I have to agree with Goldberg when he argues:

I’ve spent a lot of time thinking about this for my book, and I’ve concluded that the problem with liberalism isn’t lack of money or organization or media access (please God, stop their whining about Fox News and the American Enterprise Institute for pete’s sake, they look ridiculous). Their biggest problem is they don’t have a philosophy. This causes a lack of organization. This causes a lack of popular ideas. This is why the Democratic Party defines itself in such reactionary terms — blocking Republicans, creating lockboxes, yelling "stop" and "no" a la Al Gore and so on. Today the only issue that unifies liberals or the Democrats is their hatred of George W. Bush and to a lesser extent “his” war. That’s not a program, that’s not a philosophy, that’s not even liberalism. That’s a gripe.

Goldberg is right. A philosophy of mere opposition isn’t enough. A philosophy based on getting rid of one man or one group isn’t enough — if such a philosophy were to succeed, what then? Without a plan it quickly falls apart. If the Democrats were to win in 2004, it would probably be the worst thing to happen to them. Without George W. Bush to act as their Emmanuel Goldstein/demon figure to rally agains, what would liberalism be?

Of course, liberals would argue that they have a philosophy, and that their philosophy is based on social justice, equality, fairness, puppies and kittens, etc, and that conservatives are all mean-spirited brutes who enjoy juggling babies over fire pits. Except that view is not only short-sighted, it’s patently absurd. One can’t try to claim the moral high ground while spewing the worst kind of invective like the billious hatred of Air America or the blind partisanship of Nancy Pelosi.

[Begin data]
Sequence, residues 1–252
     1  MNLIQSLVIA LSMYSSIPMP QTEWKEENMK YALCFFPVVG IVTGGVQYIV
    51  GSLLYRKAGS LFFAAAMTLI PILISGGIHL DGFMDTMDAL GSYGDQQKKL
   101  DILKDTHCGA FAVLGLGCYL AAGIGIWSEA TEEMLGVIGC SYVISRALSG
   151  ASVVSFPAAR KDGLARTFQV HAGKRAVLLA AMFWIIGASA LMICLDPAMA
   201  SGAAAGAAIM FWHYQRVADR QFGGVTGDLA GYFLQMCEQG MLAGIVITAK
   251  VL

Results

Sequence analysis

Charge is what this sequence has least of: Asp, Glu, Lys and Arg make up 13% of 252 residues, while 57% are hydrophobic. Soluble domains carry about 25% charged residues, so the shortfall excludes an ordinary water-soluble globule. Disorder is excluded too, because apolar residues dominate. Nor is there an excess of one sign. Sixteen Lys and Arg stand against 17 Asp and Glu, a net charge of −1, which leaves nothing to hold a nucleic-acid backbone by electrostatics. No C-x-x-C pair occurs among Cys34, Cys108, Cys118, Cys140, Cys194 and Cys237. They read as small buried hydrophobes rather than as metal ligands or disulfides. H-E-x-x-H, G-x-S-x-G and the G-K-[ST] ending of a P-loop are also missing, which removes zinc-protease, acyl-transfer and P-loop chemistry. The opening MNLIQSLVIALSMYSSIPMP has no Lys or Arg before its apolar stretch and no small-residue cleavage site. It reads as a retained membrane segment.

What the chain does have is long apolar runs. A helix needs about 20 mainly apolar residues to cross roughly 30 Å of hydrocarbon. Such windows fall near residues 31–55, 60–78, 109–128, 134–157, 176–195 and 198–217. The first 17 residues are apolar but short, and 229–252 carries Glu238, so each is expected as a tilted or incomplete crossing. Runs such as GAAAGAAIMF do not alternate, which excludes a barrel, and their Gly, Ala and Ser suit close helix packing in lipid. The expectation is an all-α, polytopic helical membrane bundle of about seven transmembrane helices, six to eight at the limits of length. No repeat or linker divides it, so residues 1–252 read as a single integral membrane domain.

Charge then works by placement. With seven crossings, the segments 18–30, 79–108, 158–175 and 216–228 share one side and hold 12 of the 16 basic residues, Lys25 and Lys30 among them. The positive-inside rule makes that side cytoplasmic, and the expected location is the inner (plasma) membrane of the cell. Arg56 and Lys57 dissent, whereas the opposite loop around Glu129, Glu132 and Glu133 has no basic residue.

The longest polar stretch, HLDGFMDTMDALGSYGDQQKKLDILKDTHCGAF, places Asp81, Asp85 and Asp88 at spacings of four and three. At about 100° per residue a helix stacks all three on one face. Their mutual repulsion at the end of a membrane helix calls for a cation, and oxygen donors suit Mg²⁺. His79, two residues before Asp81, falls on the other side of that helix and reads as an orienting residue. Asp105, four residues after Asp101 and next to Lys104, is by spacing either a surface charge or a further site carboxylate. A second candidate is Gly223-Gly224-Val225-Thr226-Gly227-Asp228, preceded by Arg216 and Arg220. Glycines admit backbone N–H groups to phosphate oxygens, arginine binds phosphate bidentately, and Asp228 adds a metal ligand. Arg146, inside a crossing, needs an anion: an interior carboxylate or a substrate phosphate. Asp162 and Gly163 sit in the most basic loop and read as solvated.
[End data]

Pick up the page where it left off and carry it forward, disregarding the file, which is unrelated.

For all the intellectual narcissism behind modern liberalism, it remains a largely reactionary ideology — and basing one’s entire political outlook on kneejerk hatred isn’t condusive to being an informed citizen or an effective advocate — which is exactly why liberalism, despite having plenty of money, media access from NPR and The New York Times to every one of the major TV networks, a virtual monopoly on Hollywood, and millions upon millons of dollars through groups from Planned Parenthood to is still having a difficult time getting their message across. It’s not that the message isn’t being heard — hearing it is unavoidable — it’s that the message itself is flawed.

2 thoughts on “Liberalism And Philosophy

  1. Liberals don’t have any answers, and I think they realize it.

    Conservatives, on the other hand, think they have answers, but don’t.

    Looking back to get a more expansive view of the future sounds wise, until one realizes that it only works as long as human beings are little different than they were in the past. Of course, when medicine and basic cybernetic implantation technologies give us near-eternal life and allow eight year olds to access more information in seconds than most people today can dream about, everything suddenly changes. The ancients didn’t have to deal with global resource depletion, environmental destruction, nuclear weapons, or many of the other threats we face today. As much as Fukuyama, Kass, and the rest of their ilk would like to stop the clock right here, we are marching straight into a transhumanist terra incognita.

    Which neither liberals or conservatives seem to have much to say about.

    Which is why I can no longer consider myself either one.

  2. which is exactly why liberalism… is still having a difficult time getting their message across.

    Last I looked, Americans support equal access to the political process, fair wages, affordable housing, healthcare, freedom of religion, assembly, speech, and press, civil rights, clean air and water, effective schools, and accountable government.

    Sounds like the message of liberalism is getting across just fine to me.